NEVER SAY, “I know how you feel” because you don’t.
Calm and reassuring vocal tones
Techniques: Creating and Maintaining an Open
 1. Explaining the Questions:
 Explaining questions dealing with sensitive issues helps
your victim’s fears at ease.
 Use the law to explain why you need specific, detailed
information about what happened.
 Reassure her that your asking about high risk behavior
does not mean that you doubt her story.
Techniques: Creating and
Maintaining an Open Interview
 Physical Techniques
 Eye Contact
 Use Inviting Body Language
 Avoid Touching the Victim
Techniques: Creating and
Maintaining an Open Interview
 3. Use of Sexual Language.
 Avoid using Police Terminology.
 Clarify any slang terms that the victim
uses to ensure that you understand what
they mean.
 Mimic terms used by the victim without
acting shocked or embarrassed by them.
Techniques: Creating and Maintaining an Open
 4. Engage in Active Listening.
 Without interrupting the flow of the narrative, try to
interject comments that let her know that you are
 Encourage the Victim to continue talking while knowing
that she is being heard.
The Victim’s Narrative
The victim’s narrative is the most vital part of the
 Begin by asking the victim to tell you in her own words
and at her own pace, what happened. You can
facilitate the interview while allowing the victim to tell
her own story by:
Using open-ended prompts.
2. Allowing the victim to control the pace.
3. Avoiding leading questions.
After the Initial Narrative
 Go back and clarify specific points.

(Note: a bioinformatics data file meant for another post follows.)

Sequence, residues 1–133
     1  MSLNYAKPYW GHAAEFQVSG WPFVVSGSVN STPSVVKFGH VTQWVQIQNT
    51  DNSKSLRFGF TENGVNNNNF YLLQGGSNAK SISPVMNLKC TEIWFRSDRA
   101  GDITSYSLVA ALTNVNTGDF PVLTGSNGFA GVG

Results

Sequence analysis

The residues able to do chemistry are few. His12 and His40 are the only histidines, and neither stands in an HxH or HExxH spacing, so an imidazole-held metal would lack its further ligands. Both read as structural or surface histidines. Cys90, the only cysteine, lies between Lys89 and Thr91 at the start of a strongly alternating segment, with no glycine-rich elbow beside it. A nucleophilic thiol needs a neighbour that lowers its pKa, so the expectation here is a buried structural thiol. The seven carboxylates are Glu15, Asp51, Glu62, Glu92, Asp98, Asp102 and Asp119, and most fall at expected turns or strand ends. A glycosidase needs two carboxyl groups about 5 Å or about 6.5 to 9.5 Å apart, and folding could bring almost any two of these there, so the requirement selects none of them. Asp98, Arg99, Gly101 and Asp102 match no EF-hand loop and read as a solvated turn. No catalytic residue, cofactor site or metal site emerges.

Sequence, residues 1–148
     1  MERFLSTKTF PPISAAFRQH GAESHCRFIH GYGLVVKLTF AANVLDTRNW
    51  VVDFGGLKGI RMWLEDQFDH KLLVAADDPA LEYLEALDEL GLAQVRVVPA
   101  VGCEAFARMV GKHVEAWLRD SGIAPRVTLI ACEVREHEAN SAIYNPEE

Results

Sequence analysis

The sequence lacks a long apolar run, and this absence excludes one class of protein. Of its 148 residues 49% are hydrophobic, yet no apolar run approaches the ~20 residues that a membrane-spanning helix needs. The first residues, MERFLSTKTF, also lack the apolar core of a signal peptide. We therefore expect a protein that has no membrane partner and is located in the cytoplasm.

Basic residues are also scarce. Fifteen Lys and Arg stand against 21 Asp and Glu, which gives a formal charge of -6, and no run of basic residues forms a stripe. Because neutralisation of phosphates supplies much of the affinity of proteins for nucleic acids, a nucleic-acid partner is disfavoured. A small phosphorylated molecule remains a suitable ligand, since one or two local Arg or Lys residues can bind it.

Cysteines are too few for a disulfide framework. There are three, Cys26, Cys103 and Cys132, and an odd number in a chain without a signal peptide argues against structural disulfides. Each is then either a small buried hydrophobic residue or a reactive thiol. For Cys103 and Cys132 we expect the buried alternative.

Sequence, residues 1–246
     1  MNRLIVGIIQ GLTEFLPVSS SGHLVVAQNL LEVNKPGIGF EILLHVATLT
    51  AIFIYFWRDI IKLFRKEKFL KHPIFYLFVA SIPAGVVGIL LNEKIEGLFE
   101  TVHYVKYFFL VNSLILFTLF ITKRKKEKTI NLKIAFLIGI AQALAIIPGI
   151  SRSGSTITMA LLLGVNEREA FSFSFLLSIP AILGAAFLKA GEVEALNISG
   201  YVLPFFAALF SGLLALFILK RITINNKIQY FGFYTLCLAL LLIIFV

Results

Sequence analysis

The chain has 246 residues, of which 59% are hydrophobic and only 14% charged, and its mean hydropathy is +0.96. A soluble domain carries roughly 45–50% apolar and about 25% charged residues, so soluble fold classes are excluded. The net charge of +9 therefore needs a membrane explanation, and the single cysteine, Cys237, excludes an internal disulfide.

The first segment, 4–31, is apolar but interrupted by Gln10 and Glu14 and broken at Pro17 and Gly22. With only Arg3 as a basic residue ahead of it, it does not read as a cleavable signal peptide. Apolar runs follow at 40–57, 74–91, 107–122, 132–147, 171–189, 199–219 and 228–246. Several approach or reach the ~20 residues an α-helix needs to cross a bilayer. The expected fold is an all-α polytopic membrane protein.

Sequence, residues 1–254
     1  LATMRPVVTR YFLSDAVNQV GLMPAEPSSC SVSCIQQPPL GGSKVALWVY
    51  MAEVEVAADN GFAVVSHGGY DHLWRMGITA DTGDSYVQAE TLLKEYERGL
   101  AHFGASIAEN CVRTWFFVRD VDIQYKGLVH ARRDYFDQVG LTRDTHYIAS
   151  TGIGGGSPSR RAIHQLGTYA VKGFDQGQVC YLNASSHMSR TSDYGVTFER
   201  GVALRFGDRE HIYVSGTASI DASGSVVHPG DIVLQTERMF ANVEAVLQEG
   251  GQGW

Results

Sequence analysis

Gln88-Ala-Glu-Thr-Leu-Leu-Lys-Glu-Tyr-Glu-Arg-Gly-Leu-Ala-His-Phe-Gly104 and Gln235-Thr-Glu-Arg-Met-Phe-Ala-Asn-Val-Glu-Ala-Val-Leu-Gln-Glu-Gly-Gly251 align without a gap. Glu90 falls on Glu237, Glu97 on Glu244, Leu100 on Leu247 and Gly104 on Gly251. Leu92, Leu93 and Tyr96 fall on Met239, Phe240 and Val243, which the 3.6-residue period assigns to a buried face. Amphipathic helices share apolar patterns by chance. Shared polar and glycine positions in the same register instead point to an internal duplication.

 Open ended follow-up questions.
 Explore small details, such as the color of the interior
of the car, or the color of the carpet in the room.
 Again, continue to move at her pace, using soft,
soothing voice tones.
 Remember, small details will help corroborate her
story when he says it didn’t happen the way she said.
Information Gained during the Interview
 Essential Elements to be Collected during the
 Description of the victim’s behavior and relationship
with the defendant
Description of the suspect’s behavior.
Documentation of the specific acts committed and
whether any acts were repeated .
Description of the suspect’s sexual behavior.
Establishing force or threat of force.
Concluding the Interview
 Ask the victim of she has any additional information
that she wants to report.
Ask the victim if she has any questions of you
concerning what is happening or what is going to
Reassure you are on her side and will do everything
possible to help her.
Explain to her the next step of the investigation.
Provide her with good contact information for you.
THANK HER for her patience and cooperation.
Departmental Responsibility in Sexual
Assault Response
 Selection of Best Personnel for Sexual Assault
 Written Policy and Procedure for Sexual Assault
 Provide the Best Possible Training for Newly Assigned
 Provide On-going Training for Veteran Personnel.
 Realize that prosecution is NOT always the ultimate
 Recognize the needs of the victim
 Her Strengths,
 Her Weaknesses,
 Listen to her input and wishes
 And what is BEST for her
 What does success look like in this case?
SART and Your Community
 Educate your community
 Dispel the “Myths” of Sexual Assault
 Therefore; you educate your Jury Pool
 Lead by Example
 Loose the tough cop attitude
 No more, “Is this a real rape or another waste of my
 BELIEVE first…………….
 Set the tone and culture of your agency and community
Contact Information
Michael L. Milnor
Senior Supervisory Investigator/Polygraph Examiner
Campbell County Sheriff’s Office
Office # 434 332-9707
Cell# 434 665-1843
Email: [email protected]
Acknowledgements and Sources
 Maryland Coalition Against Sexual Assault
 Interview or Interrogation?: A Comment on Kassin et
al. J.P. Blair